US 4344994 A
Sign lettering materials are described which consist of plastics film letters releasably adhered to a split backing tile, e.g. of silicone coated card, by a permanently tacky pressure-sensitive adhesive. In order to assist proper spacing of these letters (and numbers) when they are set up to form words, in the case of at least some of the letters of the alphabetic set, one or more corners of the tile has a stepped notch with one or more steps. The inmost vertical sides of the notches are abutted to give the desired spacing, consistent with the letters not overlapping. The system allows visually even spacing to be rapidly achieved over a range from closely spaced letters to wide spacing.
1. A sign lettering material comprising a set of die cut letters each of said letters being individually adhesively mounted on a backing tile, the tile being substantially rectangular and formed in two portions separated by a split running substantially horizontally across the letter and enabling removal of one portion of the tile to leave part of the letter with its adhesive surface exposed and the remainder of the letter adherent to the other portion of the tile, wherein, in the case of at least some of the letters, one portion of the tile has in each corner, constituting a corner of the substantially rectangular tile a stepped notch having one or more steps, and at least some of the letters in the set having at least two steps on the notches of their respective tiles.
2. A sign lettering material according to claim 1 wherein in the set some tiles carry no notches, some carry one-stepped notches and others carry two-stepped notches.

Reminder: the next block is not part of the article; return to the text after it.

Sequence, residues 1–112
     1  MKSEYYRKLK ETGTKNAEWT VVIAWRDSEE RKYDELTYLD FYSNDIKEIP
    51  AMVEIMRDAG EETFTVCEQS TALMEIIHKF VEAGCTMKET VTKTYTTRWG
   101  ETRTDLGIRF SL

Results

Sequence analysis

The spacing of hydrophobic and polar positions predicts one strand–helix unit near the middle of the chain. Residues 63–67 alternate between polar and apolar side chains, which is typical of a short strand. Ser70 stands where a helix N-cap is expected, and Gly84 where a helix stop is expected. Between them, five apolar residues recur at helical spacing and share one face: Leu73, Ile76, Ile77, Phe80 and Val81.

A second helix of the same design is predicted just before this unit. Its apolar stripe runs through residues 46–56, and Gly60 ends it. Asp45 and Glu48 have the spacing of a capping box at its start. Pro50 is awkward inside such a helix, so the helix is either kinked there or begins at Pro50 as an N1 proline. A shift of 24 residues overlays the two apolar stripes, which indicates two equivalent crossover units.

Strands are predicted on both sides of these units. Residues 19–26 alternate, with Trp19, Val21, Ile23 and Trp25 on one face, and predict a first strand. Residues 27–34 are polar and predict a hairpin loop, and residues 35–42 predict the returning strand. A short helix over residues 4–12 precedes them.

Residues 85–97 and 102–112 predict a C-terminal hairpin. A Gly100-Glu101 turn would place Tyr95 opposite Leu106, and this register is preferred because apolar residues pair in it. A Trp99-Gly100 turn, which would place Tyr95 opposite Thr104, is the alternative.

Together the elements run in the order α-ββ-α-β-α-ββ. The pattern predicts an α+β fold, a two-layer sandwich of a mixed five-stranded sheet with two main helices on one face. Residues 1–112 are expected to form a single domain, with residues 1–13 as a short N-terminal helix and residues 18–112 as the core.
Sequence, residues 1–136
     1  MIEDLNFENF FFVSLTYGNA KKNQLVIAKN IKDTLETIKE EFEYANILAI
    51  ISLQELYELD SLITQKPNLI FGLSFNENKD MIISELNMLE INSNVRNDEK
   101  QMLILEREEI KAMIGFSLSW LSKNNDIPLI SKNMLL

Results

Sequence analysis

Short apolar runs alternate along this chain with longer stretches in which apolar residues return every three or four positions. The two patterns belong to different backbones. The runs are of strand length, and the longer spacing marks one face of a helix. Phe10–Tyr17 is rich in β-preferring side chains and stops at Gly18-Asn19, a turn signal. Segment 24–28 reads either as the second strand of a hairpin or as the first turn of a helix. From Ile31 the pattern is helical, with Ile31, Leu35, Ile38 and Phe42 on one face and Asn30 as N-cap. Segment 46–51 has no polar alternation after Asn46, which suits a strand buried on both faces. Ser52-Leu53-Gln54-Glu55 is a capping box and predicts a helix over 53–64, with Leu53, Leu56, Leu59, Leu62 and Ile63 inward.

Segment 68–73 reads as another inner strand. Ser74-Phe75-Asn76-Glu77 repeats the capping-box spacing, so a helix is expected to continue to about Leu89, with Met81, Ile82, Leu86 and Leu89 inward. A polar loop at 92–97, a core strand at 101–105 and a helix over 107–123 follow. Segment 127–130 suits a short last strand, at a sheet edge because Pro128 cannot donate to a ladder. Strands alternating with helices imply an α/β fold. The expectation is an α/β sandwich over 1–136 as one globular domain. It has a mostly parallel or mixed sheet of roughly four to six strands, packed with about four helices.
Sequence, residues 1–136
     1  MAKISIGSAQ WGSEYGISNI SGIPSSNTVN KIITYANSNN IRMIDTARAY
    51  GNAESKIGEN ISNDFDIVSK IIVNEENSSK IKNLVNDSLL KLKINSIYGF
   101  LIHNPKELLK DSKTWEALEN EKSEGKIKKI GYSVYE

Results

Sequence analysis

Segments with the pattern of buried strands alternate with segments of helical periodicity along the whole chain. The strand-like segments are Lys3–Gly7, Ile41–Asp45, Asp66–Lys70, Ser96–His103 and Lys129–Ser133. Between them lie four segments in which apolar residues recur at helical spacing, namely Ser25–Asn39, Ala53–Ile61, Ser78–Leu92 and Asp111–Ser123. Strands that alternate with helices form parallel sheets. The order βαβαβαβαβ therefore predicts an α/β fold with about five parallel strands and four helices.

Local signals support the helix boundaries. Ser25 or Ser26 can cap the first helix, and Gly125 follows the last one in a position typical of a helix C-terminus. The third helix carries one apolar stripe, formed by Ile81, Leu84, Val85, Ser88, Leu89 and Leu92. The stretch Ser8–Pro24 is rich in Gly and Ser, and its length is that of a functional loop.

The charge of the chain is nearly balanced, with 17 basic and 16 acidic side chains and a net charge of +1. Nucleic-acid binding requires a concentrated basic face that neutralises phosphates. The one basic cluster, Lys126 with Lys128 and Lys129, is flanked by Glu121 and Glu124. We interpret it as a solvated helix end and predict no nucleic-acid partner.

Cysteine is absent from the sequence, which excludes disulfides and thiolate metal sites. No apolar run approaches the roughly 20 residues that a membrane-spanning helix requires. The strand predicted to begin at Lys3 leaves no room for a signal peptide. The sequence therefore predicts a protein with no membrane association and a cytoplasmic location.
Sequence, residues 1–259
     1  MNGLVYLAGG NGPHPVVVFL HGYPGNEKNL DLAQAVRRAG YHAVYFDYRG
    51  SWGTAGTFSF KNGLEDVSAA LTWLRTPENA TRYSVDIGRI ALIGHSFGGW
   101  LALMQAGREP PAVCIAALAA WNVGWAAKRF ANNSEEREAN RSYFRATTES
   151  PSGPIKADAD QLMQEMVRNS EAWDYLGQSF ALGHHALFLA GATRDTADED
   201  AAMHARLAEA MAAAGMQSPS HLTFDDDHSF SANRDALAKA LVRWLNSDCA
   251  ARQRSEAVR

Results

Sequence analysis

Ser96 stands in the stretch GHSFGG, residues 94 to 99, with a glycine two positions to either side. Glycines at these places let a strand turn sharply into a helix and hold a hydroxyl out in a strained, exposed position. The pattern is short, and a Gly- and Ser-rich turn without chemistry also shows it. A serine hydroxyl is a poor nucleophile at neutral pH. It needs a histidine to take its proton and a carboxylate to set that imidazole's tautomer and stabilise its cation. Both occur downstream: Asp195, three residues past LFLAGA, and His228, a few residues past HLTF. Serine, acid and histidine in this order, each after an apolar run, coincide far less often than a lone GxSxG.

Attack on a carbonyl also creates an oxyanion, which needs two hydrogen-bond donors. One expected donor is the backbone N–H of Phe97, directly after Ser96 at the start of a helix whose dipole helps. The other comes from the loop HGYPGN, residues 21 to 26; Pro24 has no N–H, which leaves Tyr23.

3. A sign lettering material according to claim 1 wherein the notches are located on the lower corners of the lower part of the split backing as seen when the letter is viewed right way up.
4. A sign lettering material according to claim 1 wherein the notches are die-cut in the backing tile simultaneously with die-cutting the letter.
5. A sign lettering material according to claim 1 wherein said letters comprise a plastic film.
6. A sign lettering material according to claim 5 wherein said plastic film letters are releasably adhered to said split backing tile.
7. A sign lettering material consisting essentially of a set of die-cut alphabet letters, each of said letters being individually mounted on a split backing tile, one portion of the split backing tile on at least some of the letters in said letter set having a notch in one corner thereof, said notch having at least one right-angle step.
8. A sign lettering material comprising a set of die cut letters including at least one of each letter of the alphabet, each of said letters being adhesively mounted on an individual split backing tile, the split backing tile on the letters C, D, E, F, G, H, I, J, K, M, N, O, P, Q, R, S, U, and Z having a notch with a single right-angle step in two opposite corners thereof, the split backing tile on the letters A and V having notches including two right angles steps in two opposing corners thereof, and the letters L, T, W, X and Y being formed on a split backing tile bearing in one corner thereof a notch including one right angle step and in an opposite corner thereof a notch including two right angle steps.
This invention relates to sign lettering materials. For simplicity of expression the term "lettering" is used herein to include both letters, figures and typographical symbols such as &, and @.
Sign lettering materials have been known for some years and are described for example in British Patent Specifications Nos. 1109792 and 1115922.